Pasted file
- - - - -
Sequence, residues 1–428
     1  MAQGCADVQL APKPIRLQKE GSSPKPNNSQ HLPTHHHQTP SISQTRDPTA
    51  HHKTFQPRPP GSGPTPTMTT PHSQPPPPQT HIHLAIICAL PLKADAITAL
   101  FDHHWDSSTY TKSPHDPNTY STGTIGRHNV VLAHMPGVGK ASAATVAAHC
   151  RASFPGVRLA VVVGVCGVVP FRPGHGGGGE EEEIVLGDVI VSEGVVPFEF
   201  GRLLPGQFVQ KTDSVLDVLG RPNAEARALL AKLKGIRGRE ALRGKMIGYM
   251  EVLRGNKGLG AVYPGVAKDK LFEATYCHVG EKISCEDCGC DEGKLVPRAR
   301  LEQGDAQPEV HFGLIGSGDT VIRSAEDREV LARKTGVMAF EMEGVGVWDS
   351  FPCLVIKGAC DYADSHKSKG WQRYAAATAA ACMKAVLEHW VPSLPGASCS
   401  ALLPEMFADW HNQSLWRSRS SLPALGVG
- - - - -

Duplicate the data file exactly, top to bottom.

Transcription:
Sequence, residues 1–428
     1  MAQGCADVQL APKPIRLQKE GSSPKPNNSQ HLPTHHHQTP SISQTRDPTA
    51  HHKTFQPRPP GSGPTPTMTT PHSQPPPPQT HIHLAIICAL PLKADAITAL
   101  FDHHWDSSTY TKSPHDPNTY STGTIGRHNV VLAHMPGVGK ASAATVAAHC
   151  RASFPGVRLA VVVGVCGVVP FRPGHGGGGE EEEIVLGDVI VSEGVVPFEF
   201  GRLLPGQFVQ KTDSVLDVLG RPNAEARALL AKLKGIRGRE ALRGKMIGYM
   251  EVLRGNKGLG AVYPGVAKDK LFEATYCHVG EKISCEDCGC DEGKLVPRAR
   301  LEQGDAQPEV HFGLIGSGDT VIRSAEDREV LARKTGVMAF EMEGVGVWDS
   351  FPCLVIKGAC DYADSHKSKG WQRYAAATAA ACMKAVLEHW VPSLPGASCS
   401  ALLPEMFADW HNQSLWRSRS SLPALGVG